What's in Your Grooming Tote? by #TeamDiO Member Sara Dircks
What’s in your grooming tote? With Spring fast approaching (thank goodness!) here in the Midwest, it is MUD SEASON! Wet turnouts, muddy fields, and dirty horses! I’ve been a working student the majority of my younger years and was even a paid groom for a period of time. We’ve all been there… your horse is muddy, dusty, and gross so you run a quick brush over the tack areas and hop on! However 98% of the time I am extremely OCD about my horse’s coat. If you want your horse to shine and have everyone in the barn envy your grooming handiwork then you must put in the time for EVERY ride. Your horse’s coat starts with proper nutrition. Good hay quality is super important and a basic skin/coat/hoof supplement can go a long way. I personally use a supplement with higher doses of Biotin to promote healthy hair growth and good feet. I’m fortunate to have a horse that is relatively clean. He’s not a huge fan of the mud so if the turnout is wet, he most likely won’t roll! However if you have a horse that will spend his time rolling in the biggest mud puddle he can find… then we need to discuss the proper tools to have in your groom tote!
Here’s what is in my personal groom tote:
- 3 brushes: soft, medium, and stiff
- Rubber Curry
- Hoof Pick
- Mane/Tail Brush
- Mane/Tail detangler (I prefer a thicker liquid that I can work in the tail with my hands)
- Antifungal/Antimicrobial Lotion: perfect for the springtime when horses are prone to scratches on their legs.
- Coat Shine/Conditioner Spray: This goes hand-in- hand with the soft brush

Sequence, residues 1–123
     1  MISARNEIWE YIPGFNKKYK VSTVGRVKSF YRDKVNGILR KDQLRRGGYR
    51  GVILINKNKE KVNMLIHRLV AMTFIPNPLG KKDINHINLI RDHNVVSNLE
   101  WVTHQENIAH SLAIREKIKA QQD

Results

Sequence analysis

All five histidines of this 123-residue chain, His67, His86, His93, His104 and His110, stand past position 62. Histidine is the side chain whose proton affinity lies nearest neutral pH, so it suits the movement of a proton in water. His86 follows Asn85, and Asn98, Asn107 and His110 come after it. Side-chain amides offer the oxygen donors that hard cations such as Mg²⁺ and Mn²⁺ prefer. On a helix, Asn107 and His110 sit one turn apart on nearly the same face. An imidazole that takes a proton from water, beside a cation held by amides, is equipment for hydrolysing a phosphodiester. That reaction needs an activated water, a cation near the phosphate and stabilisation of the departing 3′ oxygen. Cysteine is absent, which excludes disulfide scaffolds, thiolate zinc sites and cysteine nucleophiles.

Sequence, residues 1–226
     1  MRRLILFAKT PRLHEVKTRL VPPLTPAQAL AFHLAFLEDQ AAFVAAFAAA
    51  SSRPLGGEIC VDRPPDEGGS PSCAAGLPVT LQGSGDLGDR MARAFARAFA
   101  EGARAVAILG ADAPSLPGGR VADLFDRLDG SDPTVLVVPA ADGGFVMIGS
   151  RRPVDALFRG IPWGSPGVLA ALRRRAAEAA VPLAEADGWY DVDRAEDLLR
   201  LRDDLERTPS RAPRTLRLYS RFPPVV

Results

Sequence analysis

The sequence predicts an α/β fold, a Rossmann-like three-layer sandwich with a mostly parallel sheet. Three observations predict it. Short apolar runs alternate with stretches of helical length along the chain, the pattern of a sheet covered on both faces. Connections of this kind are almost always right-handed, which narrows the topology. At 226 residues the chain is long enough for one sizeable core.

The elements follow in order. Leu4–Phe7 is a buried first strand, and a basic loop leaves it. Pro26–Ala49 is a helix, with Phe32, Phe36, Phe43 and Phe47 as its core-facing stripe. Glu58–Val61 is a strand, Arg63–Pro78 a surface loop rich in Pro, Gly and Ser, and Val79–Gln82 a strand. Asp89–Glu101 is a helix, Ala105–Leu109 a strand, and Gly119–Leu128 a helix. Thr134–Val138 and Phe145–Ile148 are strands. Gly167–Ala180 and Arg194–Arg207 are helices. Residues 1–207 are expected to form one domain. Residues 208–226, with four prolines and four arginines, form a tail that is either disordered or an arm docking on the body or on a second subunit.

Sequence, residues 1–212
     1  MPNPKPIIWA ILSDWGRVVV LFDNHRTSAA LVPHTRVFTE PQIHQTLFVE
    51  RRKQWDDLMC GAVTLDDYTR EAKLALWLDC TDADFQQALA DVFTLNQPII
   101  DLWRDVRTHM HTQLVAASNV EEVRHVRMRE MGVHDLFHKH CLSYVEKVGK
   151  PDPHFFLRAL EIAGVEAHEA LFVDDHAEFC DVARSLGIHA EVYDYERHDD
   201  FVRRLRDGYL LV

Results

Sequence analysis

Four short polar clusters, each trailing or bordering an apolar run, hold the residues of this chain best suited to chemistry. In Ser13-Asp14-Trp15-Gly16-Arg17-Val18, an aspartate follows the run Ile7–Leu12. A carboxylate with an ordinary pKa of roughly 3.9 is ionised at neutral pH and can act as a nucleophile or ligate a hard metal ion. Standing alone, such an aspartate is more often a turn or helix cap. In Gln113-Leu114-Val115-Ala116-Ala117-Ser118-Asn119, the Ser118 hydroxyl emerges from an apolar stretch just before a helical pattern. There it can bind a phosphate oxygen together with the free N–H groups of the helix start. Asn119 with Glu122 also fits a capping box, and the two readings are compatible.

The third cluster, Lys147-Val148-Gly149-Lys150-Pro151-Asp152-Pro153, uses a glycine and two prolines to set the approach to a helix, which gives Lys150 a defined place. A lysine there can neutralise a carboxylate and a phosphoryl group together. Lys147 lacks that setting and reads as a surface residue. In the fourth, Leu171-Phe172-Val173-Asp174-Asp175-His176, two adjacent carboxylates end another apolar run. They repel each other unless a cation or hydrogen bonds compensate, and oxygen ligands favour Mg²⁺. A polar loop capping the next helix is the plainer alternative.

- Bit wipes for cleaning the bit after EVERY ride
- Hoof Conditioner
- Baby Wipes: Great for wiping dirty horse noses/eyes
- Mouth Butter: To soften the corners of the horse’s mouth before bridling.
- Sugar Cubes (yep, spoiled I know)
- Last but definitely NOT least… DiO Liniment.
My biggest grooming tips are to always curry, curry, curry! Even if your horse looks clean when you take them out of their stall… make sure you go over their entire body with a rubber curry. This loosens any dust or dirt from under the coat and easily brings it to the surface for you to brush off. If your horse is particularly dusty and no amount of brushing is taking it off, that is where the coat conditioner and soft brush comes in. Spraying your horse with the coat conditioner and lightly brushing it in will then put that dust in your brush instead of on your horse. You can also choose to use a towel for that same purpose instead of the soft brush… but who wants more laundry to do?! Once your horse is all shiny and tacked up, you can use your DiO liniment on your horse’s legs BEFORE your ride as well as after. My horse had some time off this winter due to some soundness issues and now that we are back to full training, I have been using my DiO Liniment under my horse’s boots before each ride. After our workout I will groom again and use DiO again to make sure all four legs are feeling their best. I use DiO every ride to help warm up and cool down my horse’s muscles. The gel is my personal favorite and once the weather warms up, I’ll be using the liquid concentrate in a spray bottle on his back after a hose down. Happy Riding!
Sara Dircks is a 3-day eventer that attempts to juggle horse-life, work-life, and wife-life. She has a heavy love for competition and is constantly learning new ins and outs of the sport. Located in a small town in Illinois, she enjoys the company of her husband, dogs, cats, and her beloved horse Charlie.